The Return of Sherlock Holmes
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"I've been down to Scotland Yard, Mr. Holmes. I saw In-
spector Stanley Hopkins. He advised me to come to you. He said
the case, so far as he could see, was more in your line than in
that of the regular police."
"Pray sit down and tell me what is the matter."
"It's awful, Mr. Holmes -- simply awful! I wonder my hair
isn't gray. Godfrey Staunton -- you've heard of him, of course?
He's simply the hinge that the whole team turns on. I'd rather
spare two from the pack, and have Godfrey for my three-quarter
line. Whether it's passing, or tackling, or dribbling, there's no
one to touch him, and then, he's got the head, and can hold us
all together. What am I to do? That's what I ask you, Mr.
Holmes. There's Moorhouse, first reserve, but he is trained as a
half, and he always edges right in on to the scrum instead of
keeping out on the touchline. He's a fine place-kick, it's true
but then he has no judgment, and he can't sprint for nuts. Why,
Morton or Johnson, the Oxford fliers, could romp round him.
Stevenson is fast enough, but he couldn't drop from the twenty-
five line, and a three-quarter who can't either punt or drop isn't
worth a place for pace alone. No, Mr. Holmes, we are done
unless you can help me to find Godfrey Staunton."
My friend had listened with amused surprise to this long
speech, which was poured forth with extraordinary vigour and
earnestness, every point being driven home by the slapping of a
brawny hand upon the speaker's knee. When our visitor was
silent Holmes stretched out his hand and took down letter "S"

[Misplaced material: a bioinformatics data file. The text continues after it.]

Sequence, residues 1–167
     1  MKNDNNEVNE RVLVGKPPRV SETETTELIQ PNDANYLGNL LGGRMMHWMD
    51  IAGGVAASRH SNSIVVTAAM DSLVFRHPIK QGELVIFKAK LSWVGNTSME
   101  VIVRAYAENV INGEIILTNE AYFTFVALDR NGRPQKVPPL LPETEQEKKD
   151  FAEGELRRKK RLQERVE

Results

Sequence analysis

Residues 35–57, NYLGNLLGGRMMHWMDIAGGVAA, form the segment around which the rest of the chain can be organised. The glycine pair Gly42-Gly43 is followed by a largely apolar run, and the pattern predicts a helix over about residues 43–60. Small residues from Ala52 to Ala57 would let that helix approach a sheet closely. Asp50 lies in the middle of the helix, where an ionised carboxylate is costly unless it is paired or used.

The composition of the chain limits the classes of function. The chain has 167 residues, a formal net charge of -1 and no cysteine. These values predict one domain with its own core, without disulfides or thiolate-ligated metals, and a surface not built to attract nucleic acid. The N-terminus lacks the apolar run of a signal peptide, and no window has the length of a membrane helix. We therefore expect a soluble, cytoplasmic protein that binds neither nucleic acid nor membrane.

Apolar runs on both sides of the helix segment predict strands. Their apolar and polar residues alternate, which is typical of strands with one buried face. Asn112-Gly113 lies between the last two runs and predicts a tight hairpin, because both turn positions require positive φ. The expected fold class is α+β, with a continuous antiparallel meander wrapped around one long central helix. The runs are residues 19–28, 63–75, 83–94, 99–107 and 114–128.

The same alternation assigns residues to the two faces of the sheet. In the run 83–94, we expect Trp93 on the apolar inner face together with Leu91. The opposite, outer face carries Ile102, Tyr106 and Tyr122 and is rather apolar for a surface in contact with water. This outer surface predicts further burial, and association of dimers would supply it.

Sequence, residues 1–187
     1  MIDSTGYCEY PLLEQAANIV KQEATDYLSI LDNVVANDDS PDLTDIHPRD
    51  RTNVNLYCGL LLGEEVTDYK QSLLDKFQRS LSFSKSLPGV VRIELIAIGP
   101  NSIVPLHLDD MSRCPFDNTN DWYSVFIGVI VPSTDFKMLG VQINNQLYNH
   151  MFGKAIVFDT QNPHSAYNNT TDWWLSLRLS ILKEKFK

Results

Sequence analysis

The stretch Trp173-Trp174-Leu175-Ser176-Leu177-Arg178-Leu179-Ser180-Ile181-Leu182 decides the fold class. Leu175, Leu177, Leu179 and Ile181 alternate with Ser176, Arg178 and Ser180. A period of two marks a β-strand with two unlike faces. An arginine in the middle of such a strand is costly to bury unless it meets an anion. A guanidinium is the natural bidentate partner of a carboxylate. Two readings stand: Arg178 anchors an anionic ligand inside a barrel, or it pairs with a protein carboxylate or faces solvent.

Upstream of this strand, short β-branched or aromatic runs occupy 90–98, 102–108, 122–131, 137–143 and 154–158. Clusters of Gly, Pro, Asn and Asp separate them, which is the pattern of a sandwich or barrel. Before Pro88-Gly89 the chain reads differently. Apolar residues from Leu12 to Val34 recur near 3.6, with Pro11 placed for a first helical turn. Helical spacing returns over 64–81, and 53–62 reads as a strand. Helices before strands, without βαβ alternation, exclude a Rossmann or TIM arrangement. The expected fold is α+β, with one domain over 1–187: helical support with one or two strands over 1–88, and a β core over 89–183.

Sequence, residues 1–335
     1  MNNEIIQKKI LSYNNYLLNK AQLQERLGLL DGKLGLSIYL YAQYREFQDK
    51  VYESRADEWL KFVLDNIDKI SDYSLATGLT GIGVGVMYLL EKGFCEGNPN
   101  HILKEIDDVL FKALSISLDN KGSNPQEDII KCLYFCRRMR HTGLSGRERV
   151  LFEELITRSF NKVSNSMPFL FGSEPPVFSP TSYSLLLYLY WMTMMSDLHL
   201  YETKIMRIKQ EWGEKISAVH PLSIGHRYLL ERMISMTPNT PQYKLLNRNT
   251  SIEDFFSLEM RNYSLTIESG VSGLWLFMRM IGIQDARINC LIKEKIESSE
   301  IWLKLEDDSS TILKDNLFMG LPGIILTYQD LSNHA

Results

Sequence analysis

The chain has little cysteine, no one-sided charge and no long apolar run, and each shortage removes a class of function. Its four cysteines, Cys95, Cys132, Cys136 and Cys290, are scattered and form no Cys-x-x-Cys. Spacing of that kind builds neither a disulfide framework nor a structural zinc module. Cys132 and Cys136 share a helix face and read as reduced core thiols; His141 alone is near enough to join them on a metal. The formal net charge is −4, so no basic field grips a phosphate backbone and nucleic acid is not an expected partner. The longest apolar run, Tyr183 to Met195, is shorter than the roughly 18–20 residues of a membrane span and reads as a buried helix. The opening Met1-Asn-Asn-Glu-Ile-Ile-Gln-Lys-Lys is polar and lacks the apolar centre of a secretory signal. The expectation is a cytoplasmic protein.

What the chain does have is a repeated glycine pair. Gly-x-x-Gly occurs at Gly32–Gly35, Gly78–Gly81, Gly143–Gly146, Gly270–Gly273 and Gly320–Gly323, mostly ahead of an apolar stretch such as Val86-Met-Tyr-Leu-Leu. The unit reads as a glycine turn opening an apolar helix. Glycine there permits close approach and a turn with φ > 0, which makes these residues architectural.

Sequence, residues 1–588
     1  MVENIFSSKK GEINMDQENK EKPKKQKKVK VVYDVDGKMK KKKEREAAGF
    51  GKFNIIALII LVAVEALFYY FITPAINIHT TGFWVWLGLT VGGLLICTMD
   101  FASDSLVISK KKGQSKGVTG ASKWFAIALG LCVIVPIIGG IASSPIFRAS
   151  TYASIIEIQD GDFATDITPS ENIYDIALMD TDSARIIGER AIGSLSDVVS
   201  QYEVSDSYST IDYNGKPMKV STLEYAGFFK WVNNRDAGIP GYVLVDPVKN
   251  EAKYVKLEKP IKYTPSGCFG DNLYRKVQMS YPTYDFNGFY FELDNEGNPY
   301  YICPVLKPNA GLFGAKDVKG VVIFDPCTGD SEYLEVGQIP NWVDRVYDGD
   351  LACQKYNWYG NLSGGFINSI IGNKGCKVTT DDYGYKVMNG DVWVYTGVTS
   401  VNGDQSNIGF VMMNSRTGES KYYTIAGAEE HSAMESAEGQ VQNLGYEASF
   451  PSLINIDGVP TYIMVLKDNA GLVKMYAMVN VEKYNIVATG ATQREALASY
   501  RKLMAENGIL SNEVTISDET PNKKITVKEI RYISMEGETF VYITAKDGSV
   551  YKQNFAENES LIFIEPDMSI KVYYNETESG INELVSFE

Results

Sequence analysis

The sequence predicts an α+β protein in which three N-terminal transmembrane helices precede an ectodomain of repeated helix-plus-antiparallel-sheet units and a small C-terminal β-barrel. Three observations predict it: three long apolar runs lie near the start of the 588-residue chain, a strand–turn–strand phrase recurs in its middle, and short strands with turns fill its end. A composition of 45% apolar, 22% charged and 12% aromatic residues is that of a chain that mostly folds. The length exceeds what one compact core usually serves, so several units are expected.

of his commonplace book. For once he dug in vain into that
mine of varied information.
"There is Arthur H. Staunton, the rising young forger," said
he, "and there was Henry Staunton, whom I helped to hang, but
Godfrey Staunton is a new name to me."
It was our visitor's turn to look surprised.
"Why, Mr. Holmes, I thought you knew things," said he. "I
suppose, then, if you have never heard of Godfrey Staunton,
you don't know Cyril Overton either?"
Holmes shook his head good humouredly.
"Great Scott!" cried the athlete. "Why, I was first reserve for
England against Wales, and I've skippered the 'Varsity all this
year. But that's nothing! I didn't think there was a soul in
England who didn't know Godfrey Staunton, the crack three-
quarter, Cambridge, Blackheath, and five Internationals. Good
Lord! Mr. Holmes, where have you lived?"
Holmes laughed at the young giant's naive astonishment.
"You live in a different world to me, Mr. Overton -- a sweeter
and healthier one. My ramifications stretch out into many sec-
tions of society, but never, I am happy to say, into amateur
sport, which is the best and soundest thing in England. However,
your unexpected visit this morning shows me that even in that
world of fresh air and fair play, there may be work for me to do.
So now, my good sir, I beg you to sit down and to tell me,
slowly and quietly, exactly what it is that has occurred, and how
you desire that I should help you."
Young Overton's face assumed the bothered look of the man
who is more accustomed to using his muscles than his wits, but
by degrees, with many repetitions and obscurities which I may
omit from his narrative, he laid his strange story before us.
"It's this way, Mr. Holmes. As I have said, I am the skipper
of the Rugger team of Cambridge 'Varsity, and Godfrey Staunton
is my best man. To-morrow we play Oxford. Yesterday we all
came up, and we settled at Bentley's private hotel. At ten
o'clock I went round and saw that all the fellows had gone to
roost, for I believe in strict training and plenty of sleep to keep a
team fit. I had a word or two with Godfrey before he turned in.
He seemed to me to be pale and bothered. I asked him what was
the matter. He said he was all right -- just a touch of headache. I
bade him good-night and left him. Half an hour later, the porter
tells me that a rough-looking man with a beard called with a note
for Godfrey. He had not gone to bed, and the note was taken to
his room. Godfrey read it, and fell back in a chair as if he had
been pole-axed. The porter was so scared that he was going to